Recent Literature on Social Psychology
James Hayden Tufts
Little has been published during 1910 which belongs primarily to social psychology in the stricter sense of the term. An article which on its face raises a general question is The Fallacy of Social Psychology by G. C. Field in the Hibbert Journal for October (Vol. IX., No. 1, pp. 144-162). The ' fallacy' is the supposition that social psychology, especially as represented by McDougall, is of any use for politics as treated by Graham Wallas. As regards McDougall the difficulty is that whereas psychology classes feeling according to causes the politician is interested rather in effects. Awe in the presence of a king may be identical in origin with the fear of early man in the presence of an enemy, but the practical statesman will not treat it as the same with that fear. Such generalizations as that if the reproductive instinct should die out the race would not continue are fairly obvious without the authority of social psychology. Not a single political truth of importance has social psychology taught us. For political purposes the need is to know how people will act in a particular case under existing conditions, and this is entirely a matter of experience, not scientific analysis of the different emotions. At this point Mr. Field changes the line of attack : granting that, as Graham Wallas maintains, political theory has been guilty of the intellectualist fallacy, and that in reality people in politics are more influenced through the emotions than through the intellect, this is no reason for appealing to their emotions. The important thing is to intellectualize emotional appeals. In order to have guidance for our political action we need political philosophy rather than social psychology. It may doubtless be granted to Mr. Field that social psychology is not a substitute for ethics, and it is further quite obvious that an experienced politician could make shrewder forecasts in most cases than a psychologist as to the popular will. Even so there were logical reasoners before Aristotle and excellent teachers before educational psychology was written. Yet in spite of much elaboration of the obvious there has somehow come into education a more sympathetic attitude — an appreciation of the child's individuality and point of view — and this is probably due largely to the study of psy-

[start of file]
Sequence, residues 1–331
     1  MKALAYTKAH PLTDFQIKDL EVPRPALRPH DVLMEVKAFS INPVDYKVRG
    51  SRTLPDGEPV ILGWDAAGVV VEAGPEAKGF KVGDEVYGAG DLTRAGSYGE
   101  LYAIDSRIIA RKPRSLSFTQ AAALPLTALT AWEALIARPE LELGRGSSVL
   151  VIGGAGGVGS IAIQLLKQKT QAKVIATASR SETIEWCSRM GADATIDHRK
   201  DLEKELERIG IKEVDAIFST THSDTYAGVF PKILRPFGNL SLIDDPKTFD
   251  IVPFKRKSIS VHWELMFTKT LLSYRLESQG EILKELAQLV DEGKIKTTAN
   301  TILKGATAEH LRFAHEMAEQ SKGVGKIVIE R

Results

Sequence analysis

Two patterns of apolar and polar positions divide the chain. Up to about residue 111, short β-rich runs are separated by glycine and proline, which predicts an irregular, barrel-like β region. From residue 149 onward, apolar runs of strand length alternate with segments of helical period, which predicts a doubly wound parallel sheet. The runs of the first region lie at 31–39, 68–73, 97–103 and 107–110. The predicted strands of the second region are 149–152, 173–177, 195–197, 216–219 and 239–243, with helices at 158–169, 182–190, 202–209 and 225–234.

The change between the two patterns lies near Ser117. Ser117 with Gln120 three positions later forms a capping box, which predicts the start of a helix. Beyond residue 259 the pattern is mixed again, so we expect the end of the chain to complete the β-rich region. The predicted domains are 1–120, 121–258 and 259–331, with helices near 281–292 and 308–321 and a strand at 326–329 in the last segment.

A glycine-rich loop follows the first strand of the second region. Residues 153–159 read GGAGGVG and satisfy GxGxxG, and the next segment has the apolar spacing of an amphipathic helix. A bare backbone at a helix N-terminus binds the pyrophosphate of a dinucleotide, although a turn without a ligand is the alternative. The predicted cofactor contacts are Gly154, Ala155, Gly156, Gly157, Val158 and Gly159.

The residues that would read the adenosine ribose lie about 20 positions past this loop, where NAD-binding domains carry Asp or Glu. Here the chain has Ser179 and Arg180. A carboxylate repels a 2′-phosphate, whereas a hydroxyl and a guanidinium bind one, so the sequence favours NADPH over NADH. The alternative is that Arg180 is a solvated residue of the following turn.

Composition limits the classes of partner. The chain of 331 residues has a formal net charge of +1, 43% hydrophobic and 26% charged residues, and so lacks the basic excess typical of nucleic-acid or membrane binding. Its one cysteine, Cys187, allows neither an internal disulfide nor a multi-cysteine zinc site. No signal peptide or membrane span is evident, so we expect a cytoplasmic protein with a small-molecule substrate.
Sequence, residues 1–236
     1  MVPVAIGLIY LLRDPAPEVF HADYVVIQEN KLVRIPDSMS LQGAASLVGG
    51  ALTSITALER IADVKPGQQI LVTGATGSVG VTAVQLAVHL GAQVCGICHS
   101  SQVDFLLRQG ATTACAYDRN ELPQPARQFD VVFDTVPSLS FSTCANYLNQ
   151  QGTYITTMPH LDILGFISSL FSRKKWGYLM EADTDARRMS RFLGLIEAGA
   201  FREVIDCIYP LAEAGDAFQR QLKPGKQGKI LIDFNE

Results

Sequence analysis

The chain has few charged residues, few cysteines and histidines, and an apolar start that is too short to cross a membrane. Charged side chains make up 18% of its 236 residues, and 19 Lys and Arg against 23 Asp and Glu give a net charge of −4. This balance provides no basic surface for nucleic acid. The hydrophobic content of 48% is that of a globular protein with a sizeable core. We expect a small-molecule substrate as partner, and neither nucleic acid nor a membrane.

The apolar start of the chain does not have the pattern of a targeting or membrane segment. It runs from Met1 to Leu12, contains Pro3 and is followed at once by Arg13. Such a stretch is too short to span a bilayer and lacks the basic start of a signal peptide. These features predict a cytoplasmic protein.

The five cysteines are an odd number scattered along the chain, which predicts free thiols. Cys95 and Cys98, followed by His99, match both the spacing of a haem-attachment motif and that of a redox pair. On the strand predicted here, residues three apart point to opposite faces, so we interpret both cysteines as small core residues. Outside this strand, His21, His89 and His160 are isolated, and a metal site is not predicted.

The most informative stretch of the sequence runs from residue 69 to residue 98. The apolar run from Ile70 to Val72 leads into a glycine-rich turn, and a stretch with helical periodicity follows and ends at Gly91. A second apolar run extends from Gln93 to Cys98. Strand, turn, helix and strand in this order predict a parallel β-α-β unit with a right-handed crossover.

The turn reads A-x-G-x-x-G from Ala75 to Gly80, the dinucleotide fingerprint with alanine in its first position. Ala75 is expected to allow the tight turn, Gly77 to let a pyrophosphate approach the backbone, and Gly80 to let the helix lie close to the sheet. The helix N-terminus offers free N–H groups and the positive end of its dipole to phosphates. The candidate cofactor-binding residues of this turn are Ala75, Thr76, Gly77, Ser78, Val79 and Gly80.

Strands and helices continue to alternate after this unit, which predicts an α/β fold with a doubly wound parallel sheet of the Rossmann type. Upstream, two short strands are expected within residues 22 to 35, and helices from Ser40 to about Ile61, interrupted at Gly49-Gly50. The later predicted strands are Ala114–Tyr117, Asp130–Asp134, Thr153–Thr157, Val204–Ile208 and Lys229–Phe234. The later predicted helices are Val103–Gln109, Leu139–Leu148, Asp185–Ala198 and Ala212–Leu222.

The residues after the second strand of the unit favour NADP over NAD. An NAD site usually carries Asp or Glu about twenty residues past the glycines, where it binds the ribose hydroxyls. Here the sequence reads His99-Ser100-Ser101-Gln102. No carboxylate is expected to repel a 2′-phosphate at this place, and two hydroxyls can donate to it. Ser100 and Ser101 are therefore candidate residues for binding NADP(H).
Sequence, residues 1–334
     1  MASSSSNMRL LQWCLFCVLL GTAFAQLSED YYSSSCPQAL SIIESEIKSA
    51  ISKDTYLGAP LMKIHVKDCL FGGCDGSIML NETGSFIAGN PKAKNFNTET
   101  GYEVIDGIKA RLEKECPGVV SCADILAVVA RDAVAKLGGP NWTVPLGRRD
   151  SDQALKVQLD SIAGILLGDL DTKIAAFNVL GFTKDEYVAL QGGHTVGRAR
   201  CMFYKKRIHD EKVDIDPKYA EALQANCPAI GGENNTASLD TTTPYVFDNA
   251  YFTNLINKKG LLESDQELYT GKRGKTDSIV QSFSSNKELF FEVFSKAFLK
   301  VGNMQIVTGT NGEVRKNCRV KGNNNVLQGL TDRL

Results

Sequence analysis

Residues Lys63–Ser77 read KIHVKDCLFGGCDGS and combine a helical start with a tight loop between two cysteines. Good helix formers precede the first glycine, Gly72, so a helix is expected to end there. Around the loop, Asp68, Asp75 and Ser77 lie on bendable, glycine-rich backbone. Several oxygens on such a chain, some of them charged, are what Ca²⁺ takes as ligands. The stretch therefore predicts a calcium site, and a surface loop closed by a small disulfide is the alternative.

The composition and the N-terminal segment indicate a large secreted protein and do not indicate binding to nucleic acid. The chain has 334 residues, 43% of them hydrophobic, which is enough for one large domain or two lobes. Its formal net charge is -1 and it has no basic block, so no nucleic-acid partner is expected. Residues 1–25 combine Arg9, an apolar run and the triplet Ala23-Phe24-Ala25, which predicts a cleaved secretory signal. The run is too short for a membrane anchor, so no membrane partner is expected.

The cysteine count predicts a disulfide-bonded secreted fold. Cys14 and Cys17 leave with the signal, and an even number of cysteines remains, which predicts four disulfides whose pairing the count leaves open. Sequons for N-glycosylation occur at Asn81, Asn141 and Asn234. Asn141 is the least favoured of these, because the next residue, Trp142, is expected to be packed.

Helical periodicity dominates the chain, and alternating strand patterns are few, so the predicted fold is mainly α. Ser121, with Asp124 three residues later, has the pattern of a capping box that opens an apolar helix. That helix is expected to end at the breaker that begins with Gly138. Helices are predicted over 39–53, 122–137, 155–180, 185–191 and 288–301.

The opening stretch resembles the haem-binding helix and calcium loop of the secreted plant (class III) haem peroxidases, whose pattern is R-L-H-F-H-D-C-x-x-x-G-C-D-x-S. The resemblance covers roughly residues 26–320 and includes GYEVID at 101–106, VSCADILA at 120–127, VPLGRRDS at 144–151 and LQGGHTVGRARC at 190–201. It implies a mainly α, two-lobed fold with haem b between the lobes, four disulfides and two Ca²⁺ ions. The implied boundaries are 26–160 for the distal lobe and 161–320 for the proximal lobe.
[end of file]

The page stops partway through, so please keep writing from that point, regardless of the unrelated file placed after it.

( 407) -chology. In analogous fashion we may expect that social psychology will gradually make the other man's point of view and emotional attitudes more intelligible. And if study of the 'causes' of feelings does this it is certainly not futile. To treat the other man, not merely as a pipe to be played upon, nor on the other hand as merely different and therefore as inexplicable, if not stupid, — this is indispensable for a working faith in democracy. And, as such, it is not to be ignored as a factor in our political philosophy.
The value of social psychology in comprehending and aiding the moral and spiritual life is emphatically recognized by Dr. Stanton Coit in his brochure, The Spiritual Nature of Man (The West London Ethical Society, Queen's Road, Bayswater. Pp. 112. I shilling). The power and value of association and coöperation have been most fully realized in religious societies, but this need not be interpreted in a supranaturalistic way. As Clifford put it, "It is ourself, not ourselves that makes for righteousness." This group-spirit is present ' when two or three are gathered together.' It is more effective with a larger number. Spiritual communion is a fact. One set of interpreters have treated it as miracle; and this has led their critics to deny or ignore it altogether. If attention were fixed on the facts of this communion and coöperation, and if the laws under which it may be most effectively and rationally developed were studied there would be a great gain in the effectiveness of moral agencies. There is no such thing in the life of an individual as a ' spontaneous generation' of moral insight and character. " So far as we have any experience moral life is always generated from precedent moral life." To understand the conditions under which the most helpful psychic environment can be produced and maintained is a most important aim of scientific study.